1000-4000 g in the sediment of the centrifuge
tubes. The mixed bacterial cultures were obtained
according to a slightly modified method described
by Liu and Thomson.8 Approximately 100 mg of
the centrifuged SPM was inoculated into 150 cm’
of growth medium in 250-cm3 cuIture flasks with
Kapsenberg caps on a rotary shaker at room
temperature. When the stationary phase was
reached, an inoculum (1 cm’) was transferred
twice into fresh growth medium to ensure young
cultures with comparable metabolic activities. For
all experiments an aqueous solution of standard
nutrient broth (2.5gdm-3) was used as growth
medium.
Bacterial growth was followed by optical
and simultaneously
density at 650 nm (OD65on,,,)
by determination of the protein content.
According to Liu an approximation exists
between bacterial numbers and turbidity at
650 nm. An optical density of 1.0 corresponds
with approximately lo9cells cm-3.9 The protein
content was measured according to Bradford.
This method allows the determination of live and
dead biomass as well. Therefore, it can be used to
quantify microbial population in several
matrices. lo
Addition of mercury species and
methyl donors
For the methylation experiments 1.75 pmol dm-3
Hg(1I)
as
mercury(I1)
chloride
and
17.5pmoldm-3 methyl donor were added to
150 cm3 of the enrichment cultures after bacterial
growth had started. All experiments were carried
out in triplicates.
Sterile tap water was treated in the same manner and was used as a control.
R EBINGHAUS AND R D WILKEN
For
the
demethylation
experiments
1.75 pmol dm-3 CH3Hg+ as methylmercury(I1)
chloride (CH,HgCl) was added to 150cm’ of the
bacterial cultures and to sterile tap-water (in
triplicates).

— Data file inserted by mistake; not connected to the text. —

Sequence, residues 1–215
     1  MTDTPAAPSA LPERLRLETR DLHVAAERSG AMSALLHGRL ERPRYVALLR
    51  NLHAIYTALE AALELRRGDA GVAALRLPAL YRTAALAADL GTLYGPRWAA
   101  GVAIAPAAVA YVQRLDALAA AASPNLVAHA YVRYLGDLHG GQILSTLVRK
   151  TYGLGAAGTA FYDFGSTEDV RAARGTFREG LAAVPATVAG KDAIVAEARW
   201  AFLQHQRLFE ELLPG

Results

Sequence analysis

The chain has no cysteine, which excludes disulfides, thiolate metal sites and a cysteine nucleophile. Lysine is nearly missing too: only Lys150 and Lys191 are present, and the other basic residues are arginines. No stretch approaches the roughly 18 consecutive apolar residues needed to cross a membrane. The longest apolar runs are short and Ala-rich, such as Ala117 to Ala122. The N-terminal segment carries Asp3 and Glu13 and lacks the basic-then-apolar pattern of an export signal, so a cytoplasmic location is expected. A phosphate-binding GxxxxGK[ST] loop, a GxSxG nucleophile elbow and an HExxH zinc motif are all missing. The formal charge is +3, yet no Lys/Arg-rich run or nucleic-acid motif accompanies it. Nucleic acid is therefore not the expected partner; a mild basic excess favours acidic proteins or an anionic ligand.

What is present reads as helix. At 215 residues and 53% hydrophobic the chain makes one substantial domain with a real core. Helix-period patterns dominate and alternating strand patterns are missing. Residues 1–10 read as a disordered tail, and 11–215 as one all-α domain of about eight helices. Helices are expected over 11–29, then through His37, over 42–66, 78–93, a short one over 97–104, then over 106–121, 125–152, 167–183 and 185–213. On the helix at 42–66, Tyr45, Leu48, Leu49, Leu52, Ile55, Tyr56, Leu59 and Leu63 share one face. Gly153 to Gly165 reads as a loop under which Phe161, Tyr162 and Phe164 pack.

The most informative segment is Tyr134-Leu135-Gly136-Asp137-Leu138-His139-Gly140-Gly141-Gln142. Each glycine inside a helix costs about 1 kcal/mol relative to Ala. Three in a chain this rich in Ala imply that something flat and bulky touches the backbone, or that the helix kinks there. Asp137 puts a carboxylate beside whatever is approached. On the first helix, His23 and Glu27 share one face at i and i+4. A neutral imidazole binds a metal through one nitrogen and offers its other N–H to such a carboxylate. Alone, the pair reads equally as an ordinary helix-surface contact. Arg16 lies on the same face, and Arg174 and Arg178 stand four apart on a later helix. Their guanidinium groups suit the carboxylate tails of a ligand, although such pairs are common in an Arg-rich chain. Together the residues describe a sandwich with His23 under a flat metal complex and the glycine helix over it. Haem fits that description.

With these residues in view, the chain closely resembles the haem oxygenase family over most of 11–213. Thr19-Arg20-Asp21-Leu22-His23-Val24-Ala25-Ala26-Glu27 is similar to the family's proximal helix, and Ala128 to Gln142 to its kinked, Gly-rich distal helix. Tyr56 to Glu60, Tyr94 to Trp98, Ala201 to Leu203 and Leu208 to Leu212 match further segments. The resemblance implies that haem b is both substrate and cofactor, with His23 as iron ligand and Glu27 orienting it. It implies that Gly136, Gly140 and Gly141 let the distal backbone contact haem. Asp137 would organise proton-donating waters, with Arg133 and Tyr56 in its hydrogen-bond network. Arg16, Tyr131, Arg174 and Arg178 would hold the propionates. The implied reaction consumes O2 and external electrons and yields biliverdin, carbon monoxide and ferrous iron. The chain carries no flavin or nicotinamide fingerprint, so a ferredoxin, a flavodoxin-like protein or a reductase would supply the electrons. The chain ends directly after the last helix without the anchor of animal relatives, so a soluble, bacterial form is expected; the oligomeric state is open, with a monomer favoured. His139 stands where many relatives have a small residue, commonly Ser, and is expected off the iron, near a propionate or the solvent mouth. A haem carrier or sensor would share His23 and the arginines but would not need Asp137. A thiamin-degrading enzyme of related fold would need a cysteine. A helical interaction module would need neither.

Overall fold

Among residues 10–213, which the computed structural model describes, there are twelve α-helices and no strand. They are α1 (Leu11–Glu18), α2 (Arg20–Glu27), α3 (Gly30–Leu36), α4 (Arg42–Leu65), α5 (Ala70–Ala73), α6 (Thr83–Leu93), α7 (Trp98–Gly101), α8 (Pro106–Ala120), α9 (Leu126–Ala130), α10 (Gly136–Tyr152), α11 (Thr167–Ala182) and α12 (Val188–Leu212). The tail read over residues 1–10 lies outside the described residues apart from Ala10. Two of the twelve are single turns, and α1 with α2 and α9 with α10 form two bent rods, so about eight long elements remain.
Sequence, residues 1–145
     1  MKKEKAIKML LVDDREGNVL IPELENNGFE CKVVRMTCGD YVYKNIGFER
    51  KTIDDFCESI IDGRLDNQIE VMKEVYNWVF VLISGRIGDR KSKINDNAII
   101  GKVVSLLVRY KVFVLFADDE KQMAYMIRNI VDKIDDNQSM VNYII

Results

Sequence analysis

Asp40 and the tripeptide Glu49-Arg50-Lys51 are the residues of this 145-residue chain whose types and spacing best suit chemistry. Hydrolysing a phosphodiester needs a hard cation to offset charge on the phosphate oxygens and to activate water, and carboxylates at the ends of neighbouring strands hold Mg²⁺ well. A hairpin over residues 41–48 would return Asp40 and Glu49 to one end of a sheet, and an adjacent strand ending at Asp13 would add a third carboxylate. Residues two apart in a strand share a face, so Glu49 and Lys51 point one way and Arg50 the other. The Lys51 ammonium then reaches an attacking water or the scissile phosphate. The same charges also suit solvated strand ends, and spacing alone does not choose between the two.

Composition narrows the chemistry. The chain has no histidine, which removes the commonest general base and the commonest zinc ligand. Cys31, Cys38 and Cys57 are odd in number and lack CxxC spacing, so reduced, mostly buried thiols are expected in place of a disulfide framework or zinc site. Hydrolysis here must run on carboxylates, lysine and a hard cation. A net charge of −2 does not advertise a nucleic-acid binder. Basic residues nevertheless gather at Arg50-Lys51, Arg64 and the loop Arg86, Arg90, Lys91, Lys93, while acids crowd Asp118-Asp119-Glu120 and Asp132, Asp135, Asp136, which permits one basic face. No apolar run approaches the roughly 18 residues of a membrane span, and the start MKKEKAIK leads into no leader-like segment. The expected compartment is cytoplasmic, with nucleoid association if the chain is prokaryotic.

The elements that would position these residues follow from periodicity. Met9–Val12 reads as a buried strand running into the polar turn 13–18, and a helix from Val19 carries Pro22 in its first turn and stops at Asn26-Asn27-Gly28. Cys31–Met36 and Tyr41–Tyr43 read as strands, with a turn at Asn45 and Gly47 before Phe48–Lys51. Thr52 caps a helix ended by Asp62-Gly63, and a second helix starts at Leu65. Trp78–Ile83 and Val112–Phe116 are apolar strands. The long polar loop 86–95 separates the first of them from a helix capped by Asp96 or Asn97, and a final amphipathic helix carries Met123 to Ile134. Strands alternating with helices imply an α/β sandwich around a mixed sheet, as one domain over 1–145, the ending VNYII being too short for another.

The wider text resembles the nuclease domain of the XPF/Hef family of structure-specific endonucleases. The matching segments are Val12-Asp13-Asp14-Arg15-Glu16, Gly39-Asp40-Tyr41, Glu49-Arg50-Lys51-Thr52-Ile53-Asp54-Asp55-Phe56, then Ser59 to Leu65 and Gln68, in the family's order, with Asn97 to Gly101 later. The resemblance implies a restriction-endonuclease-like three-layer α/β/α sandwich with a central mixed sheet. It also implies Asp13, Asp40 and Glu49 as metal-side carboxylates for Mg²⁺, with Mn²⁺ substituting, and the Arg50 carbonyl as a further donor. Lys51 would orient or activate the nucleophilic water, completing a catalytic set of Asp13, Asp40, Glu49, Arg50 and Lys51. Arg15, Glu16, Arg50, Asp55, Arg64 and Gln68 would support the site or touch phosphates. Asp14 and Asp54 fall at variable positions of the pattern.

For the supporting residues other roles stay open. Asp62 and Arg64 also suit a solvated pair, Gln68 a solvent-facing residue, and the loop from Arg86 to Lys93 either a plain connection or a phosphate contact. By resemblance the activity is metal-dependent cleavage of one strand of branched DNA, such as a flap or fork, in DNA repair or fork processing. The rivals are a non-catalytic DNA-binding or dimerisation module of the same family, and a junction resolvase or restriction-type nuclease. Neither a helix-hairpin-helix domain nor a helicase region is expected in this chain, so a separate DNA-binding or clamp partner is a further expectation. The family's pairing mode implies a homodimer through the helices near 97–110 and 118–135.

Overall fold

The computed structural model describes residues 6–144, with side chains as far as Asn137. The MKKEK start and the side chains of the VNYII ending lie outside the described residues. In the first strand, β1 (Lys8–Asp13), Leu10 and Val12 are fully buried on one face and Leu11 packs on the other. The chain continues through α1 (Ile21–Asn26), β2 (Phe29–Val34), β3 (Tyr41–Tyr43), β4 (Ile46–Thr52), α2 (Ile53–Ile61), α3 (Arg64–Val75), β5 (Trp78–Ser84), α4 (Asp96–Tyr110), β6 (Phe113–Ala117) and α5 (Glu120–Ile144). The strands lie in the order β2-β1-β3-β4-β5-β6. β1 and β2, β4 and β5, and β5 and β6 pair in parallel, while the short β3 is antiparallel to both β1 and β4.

Determination of total mercury
Determination of total mercury was carried out
with cold-vapour atomic absorption spectrometry
(CV AA) using amalgamation on gold. Bacterial
cells isolated from 5 cm3 of culture by centrifugation were digested with 1 cm3 of a 20% wlv
tetramethylammonium
hydroxide
solution
(TMAH). This very effective tissue solubilizer is a
suitable reagent for the rapid and complete digestion of bacterial cells. I’ Subsamples of the enrichment cultures were digested with I’MAH solution
in a 1 : l ratio. By addition of 2OOp1 bromine
chloride solution (0.02 mol dm-3) all available
mercury species were transformed into inorganic
mercury(I1). l2 Excessive bromine chloride was
destroyed by pre-reduction with 200 pl hydroxylamine hydrochloride solution (20% w/v) prior to
CV A A analysis.
Determination of methylmercury
Determination of methylmercury was carried out
using high-performance liquid chromatography
(HPLC) with UV detection. The CH3Hgt determination is based on charge neutralization chromatography, which has been developed for
organic mercury compounds. lF1’ 1 n this method
2mercaptoethanol (5 X
mol d W 3 ) is added
to the eluent (H,O/methanol, 80: 20) in order to
achieve an in situ complexation of organomercurials on the column during elution. The reaction
can be described Eqn [l]:
RHgX + HS(CH&OH+
RHgS(CH2)*0H+ HX [l]
The resulting mercaptoethanol complex is
retained on the reverse-phase column (LiChrospher RP-18, 150-3 (5 pm) glass cartridge) and
separation and detection are possible. Although
the UV-extinction maximum of organomercurials
is below 210n1n,’~ detection at 230nm is
sufficient.” The measurements were performed
with a Millipore-Waters system equipped with a
Model 490 pump, a U6K injector and a 481
UV/VIS detector. Injected volumes were 20 pl.
129
EFFECT OF RIVER BACTERIA ON METHYLATION OF MERCURY(I1)
I
24
48
72
96
120
144
MeCo
168
time [h]
Figure 1 Methylation of mercury by biogenic methyldonors; initial concentration of Hg(II), 1.75 pmo! dm-’.
Bacterial cells isolated from 5 cm’ of enrichment cultures were digested with TMAH, as described for the total mercury determinations.
TMAH is non-oxidizing and therefore a suitable
tissue solubilizer for species analysis.18
Subsamples of the enrichment cultures were
digested with TMAH solution in a 1:l ratio.
After the digestion was completed the extracts
were acidified with 2cm3 of 6moldm-3 hydrochloric acid to obtain CH,HgCl, which is relatively non-polar and has a high solubility in organic
solvents. Methylmercury chloride was extracted
from the aqueous hase three times with excess
toluene (3 x 30 cm ). Finally a back-extraction
into an aqueous solution was necessary in order to
obtain a sample in a solution which was miscible
with the eluent of the HPLC. For that purpose